I see a lot of references to hierarchical data but what exactly counts as hierarchical data isn't always clear and I can't find a clear definition of what counts as hierarchical data.

For example, the following blog states:

"[neural network are]...particularly suited to complex, hierarchical data"


A few examples are give involving images, etc, but can hierarchical data also include data who's independent variable is continuous?

How would you define hierarchical data, would you be able to provide an example?

  • $\begingroup$ I'm voting to close this question as off-topic because this is a definition which is not a topic for discussion here. $\endgroup$ – Michael R. Chernick Feb 7 '17 at 14:16
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    $\begingroup$ @MichaelChernick I am not aware of any such criterion, that definitions are off-topic. What is on and off-topic is defined in stats.stackexchange.com/help/on-topic For example, we have a tag "terminology" and many threads under that tag. There is a clear statistical and/or machine learning interest in different kinds of data; other people outside those fields might have definitions but in my view it is sufficient for there to be interest here to keep the question open. $\endgroup$ – Nick Cox Feb 7 '17 at 14:42
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    $\begingroup$ @MichaelChernick, definitions are potentially on topic. We even have a definition tag w/ 185 threads. $\endgroup$ – gung - Reinstate Monica Feb 7 '17 at 16:00
  • $\begingroup$ @kjetilbhalvorsen I am removing [hierarchical-data] tag because I don't see how it's different from [hierarchical-analysis] which we have as a synonym of [multilevel-analysis]. No need to create a new tag for this question. I am writing this because I noticed that you added this tag back after I removed it yesterday (so I removed it again now). $\endgroup$ – amoeba says Reinstate Monica May 15 '17 at 11:14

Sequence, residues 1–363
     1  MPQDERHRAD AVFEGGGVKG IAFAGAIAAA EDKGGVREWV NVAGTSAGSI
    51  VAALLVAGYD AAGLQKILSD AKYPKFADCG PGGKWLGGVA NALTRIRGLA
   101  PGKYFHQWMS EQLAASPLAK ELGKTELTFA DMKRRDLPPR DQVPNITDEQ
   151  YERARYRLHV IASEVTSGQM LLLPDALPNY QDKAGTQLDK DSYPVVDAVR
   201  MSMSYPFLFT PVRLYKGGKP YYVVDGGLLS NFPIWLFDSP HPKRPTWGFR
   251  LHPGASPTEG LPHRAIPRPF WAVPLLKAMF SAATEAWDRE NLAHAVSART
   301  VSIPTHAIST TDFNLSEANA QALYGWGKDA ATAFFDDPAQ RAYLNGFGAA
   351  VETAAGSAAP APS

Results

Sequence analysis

• $\begingroup$ I do think I added it by an error. So good you removed it! $\endgroup$ – kjetil b halvorsen May 15 '17 at 11:23

Data being hierarchical does not depend on what type the variables are, but on the structure of the data. If individual observations are grouped into groups or clusters, then your data is hierarchical.

For instance, if you are measuring children's test results, you have to account not only for variations between children, but for the effect of the teacher on the children, the school, the school district, the city, etc. So, in this example, the hierarchy is child - class - school - district - city. Or if you are studying the effect of a medical treatment, patients are the individuals, but they belong to different hospitals, then the heirarchy is patient - hospital.

I hope it helps.


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